You may say that it will never come to this: that incendiary fires have been common before now, and that no county was ever ruined by them. I know it will never come to this; because I know that, if you do not stop of yourselves, there are no measures too strong for the Government and Parliament to take against you, even to putting the county under martial law, and shooting every one of you who is seen out after dusk. I know, too, that there were "Swing" fires*, fourteen or fifteen years ago. But did you ever hear of anybody being the better for those fires? Some rich men were ruined, and many poor ones hanged, transported, and imprisoned. But, of those who escaped, not one agricultural labourer was the better, and many much worse, for these fires; for, (as I have told you before, and cannot tell you too often) in every stack of corn that was burnt, there was burnt the food of many a poor man. And, though no county has ever yet been reduced to the state I have described, I have a right to describe that as the state to which you are reducing it, since every fire brings it nearer to that state. If the county would be ruined by all the property in it being destroyed. At any rate, whether you bring the county to a state of desolation or not, you are certainly doing your best to bring it to a state of Famine–that most dreadful of all calamities that can befall a country– a state, remember, in which the sufferings of the rich are as nothing, compared with those of the poor. Thousands of poor men would die in a famine, before one rich man would be hungry. No one can tell whether the present long drought may not end in a famine; and you are doing all you can to help it.
No doubt, you think I am saying all this to frighten you, in order to save my own property. If I were, I should be doing quite right. At any rate, I should have a better right to frighten you out of mischief, by telling you the truth, than you could have to frighten me by burning all my neighbours' farms. But I am doing no such thing. I have not a shilling's-worth of property that your fires can reach; and I have no more interest in the matter than every Englishman has in doing his best to stop such disgraceful and ruinous proceedings.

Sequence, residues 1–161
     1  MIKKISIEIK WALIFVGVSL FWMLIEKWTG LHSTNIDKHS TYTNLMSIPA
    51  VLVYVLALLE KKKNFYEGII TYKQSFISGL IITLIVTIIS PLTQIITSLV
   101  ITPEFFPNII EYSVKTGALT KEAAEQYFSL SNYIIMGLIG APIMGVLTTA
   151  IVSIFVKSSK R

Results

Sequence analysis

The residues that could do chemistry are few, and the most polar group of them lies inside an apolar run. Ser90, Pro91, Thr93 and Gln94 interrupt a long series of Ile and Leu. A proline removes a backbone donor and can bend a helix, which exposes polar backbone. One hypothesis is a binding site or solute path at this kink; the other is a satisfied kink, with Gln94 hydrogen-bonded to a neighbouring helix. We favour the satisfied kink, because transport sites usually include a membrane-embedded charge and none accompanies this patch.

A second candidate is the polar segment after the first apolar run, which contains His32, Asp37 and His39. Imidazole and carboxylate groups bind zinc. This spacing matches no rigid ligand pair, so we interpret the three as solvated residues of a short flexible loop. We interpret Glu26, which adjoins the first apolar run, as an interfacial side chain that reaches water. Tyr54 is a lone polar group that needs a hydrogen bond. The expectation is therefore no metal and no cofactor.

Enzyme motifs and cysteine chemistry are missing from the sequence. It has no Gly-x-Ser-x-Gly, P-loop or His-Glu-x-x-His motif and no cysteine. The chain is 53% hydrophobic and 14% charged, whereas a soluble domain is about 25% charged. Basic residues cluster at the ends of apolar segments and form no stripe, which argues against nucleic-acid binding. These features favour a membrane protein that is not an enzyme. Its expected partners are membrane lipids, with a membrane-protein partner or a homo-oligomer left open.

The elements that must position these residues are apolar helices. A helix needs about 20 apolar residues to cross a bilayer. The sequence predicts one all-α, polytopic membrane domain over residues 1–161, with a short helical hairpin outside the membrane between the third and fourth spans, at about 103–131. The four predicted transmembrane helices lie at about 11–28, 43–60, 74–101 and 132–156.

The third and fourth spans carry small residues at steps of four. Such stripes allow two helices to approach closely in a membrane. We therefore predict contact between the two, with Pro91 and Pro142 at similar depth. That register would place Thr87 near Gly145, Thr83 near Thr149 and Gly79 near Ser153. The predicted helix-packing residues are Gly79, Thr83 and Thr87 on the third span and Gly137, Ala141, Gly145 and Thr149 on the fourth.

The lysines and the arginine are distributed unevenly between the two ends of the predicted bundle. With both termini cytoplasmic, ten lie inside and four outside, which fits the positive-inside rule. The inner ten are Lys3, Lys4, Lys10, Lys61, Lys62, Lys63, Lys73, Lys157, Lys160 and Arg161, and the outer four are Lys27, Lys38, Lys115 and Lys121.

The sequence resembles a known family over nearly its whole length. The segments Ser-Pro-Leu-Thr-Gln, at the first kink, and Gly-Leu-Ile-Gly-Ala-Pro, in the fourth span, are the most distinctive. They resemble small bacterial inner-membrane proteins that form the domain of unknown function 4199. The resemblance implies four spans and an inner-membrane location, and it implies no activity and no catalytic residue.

There may be other crimes as wicked, but there is none half so silly, so insane, as this. By every other crime a man does expect to get something for himself; bu this he cannot get, and cannot expect to get, anything. Even for the miserable purpose of revenge, it is the most absurd thing he can do; for he is destroying his own living at the same time that he is destroying his own living at the same time that he destroy's his enemy's. And since there are many more labourers than farmers, you must injure many more of yourselves than of the farmers. If a farm maintains one farmer and a dozen labourers, and you destroy all the produce of the farm, you clearly starve a dozen labourers for one farmer. You might just as well catch a farmer, and send him out to sea, with a dozen of you, and then sink the boat, in order to revenge yourselves upon him.
This may look ridiculous, and you may not choose to believe it, because you can see in a moment that you ruin a man if you burn all his property, whereas you don't see quite so easily how the loss of his property is to affect you. If you do not see it, I can only ask you to read again what I have said about your bread coming out of the farmers' stacks, and you will see that what you think a joke is perfectly true. And, if you should still fail to see it, I will try once more to convince you. Suppose somebody was to propose to you to carry of from a man's granary as much corn as would make you bread for a year. You would probably think this no bad thing, if it could be done safely. But, suppose he should come again, after you had got it all in, and propose that you should make a great fire and burn it? Would you not kick him out of the house for a madman? Yet this is just the same think as burning it while it is still in the granary. The corn in the farmer's granary will be your's in time, just as much as if you had it in your own: and yet you are doing all you can to destroy it, and flatter yourselves you are only injuring him. It would, of course, be more wicked for all the labourers to murder all the farmers, and take all their property; but (excepting for the certainty of punishment) it would not be half so foolish as this plan of destroying all that you, as well as they, have to live upon.